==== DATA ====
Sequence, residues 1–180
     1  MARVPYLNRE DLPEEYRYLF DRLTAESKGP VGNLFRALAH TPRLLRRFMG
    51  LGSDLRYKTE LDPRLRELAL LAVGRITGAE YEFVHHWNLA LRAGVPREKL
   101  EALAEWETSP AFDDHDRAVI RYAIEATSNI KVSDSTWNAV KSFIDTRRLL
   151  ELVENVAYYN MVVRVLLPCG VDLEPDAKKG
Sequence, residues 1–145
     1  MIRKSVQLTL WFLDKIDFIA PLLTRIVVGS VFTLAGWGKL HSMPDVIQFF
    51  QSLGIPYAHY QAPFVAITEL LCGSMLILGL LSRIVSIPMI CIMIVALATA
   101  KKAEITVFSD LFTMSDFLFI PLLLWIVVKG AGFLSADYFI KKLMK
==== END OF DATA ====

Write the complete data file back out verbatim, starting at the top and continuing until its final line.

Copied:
Sequence, residues 1–180
     1  MARVPYLNRE DLPEEYRYLF DRLTAESKGP VGNLFRALAH TPRLLRRFMG
    51  LGSDLRYKTE LDPRLRELAL LAVGRITGAE YEFVHHWNLA LRAGVPREKL
   101  EALAEWETSP AFDDHDRAVI RYAIEATSNI KVSDSTWNAV KSFIDTRRLL
   151  ELVENVAYYN MVVRVLLPCG VDLEPDAKKG
Sequence, residues 1–145
     1  MIRKSVQLTL WFLDKIDFIA PLLTRIVVGS VFTLAGWGKL HSMPDVIQFF
    51  QSLGIPYAHY QAPFVAITEL LCGSMLILGL LSRIVSIPMI CIMIVALATA
   101  KKAEITVFSD LFTMSDFLFI PLLLWIVVKG AGFLSADYFI KKLMK